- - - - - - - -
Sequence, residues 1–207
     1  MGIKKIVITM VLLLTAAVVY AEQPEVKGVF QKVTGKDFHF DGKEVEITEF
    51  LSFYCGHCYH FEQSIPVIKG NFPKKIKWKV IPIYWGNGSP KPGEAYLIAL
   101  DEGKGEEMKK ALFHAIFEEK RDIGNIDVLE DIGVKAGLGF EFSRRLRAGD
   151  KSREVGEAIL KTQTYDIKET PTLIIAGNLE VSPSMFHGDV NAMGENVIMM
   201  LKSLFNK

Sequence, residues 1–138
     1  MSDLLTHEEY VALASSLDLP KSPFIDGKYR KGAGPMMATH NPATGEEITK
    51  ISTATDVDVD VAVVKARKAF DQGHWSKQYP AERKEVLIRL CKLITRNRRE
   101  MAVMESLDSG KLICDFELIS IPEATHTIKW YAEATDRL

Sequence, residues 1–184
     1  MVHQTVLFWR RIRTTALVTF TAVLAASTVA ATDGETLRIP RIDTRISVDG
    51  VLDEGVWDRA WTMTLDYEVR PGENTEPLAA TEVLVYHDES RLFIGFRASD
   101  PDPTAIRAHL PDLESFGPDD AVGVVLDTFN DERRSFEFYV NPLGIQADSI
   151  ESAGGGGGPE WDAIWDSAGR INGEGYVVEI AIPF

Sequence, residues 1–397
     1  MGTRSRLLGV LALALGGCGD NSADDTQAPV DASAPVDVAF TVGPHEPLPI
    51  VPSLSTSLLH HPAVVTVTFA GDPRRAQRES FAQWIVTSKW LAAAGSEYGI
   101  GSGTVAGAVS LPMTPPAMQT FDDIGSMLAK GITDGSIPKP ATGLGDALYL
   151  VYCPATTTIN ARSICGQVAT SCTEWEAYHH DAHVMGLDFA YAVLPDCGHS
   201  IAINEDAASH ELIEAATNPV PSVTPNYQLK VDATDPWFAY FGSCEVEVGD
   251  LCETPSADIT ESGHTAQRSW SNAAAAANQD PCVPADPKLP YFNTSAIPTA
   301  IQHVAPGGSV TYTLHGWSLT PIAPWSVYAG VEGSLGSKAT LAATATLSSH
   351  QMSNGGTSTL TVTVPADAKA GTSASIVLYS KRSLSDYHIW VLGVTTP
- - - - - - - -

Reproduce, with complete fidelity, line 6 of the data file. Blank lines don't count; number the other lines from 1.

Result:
   201  LKSLFNK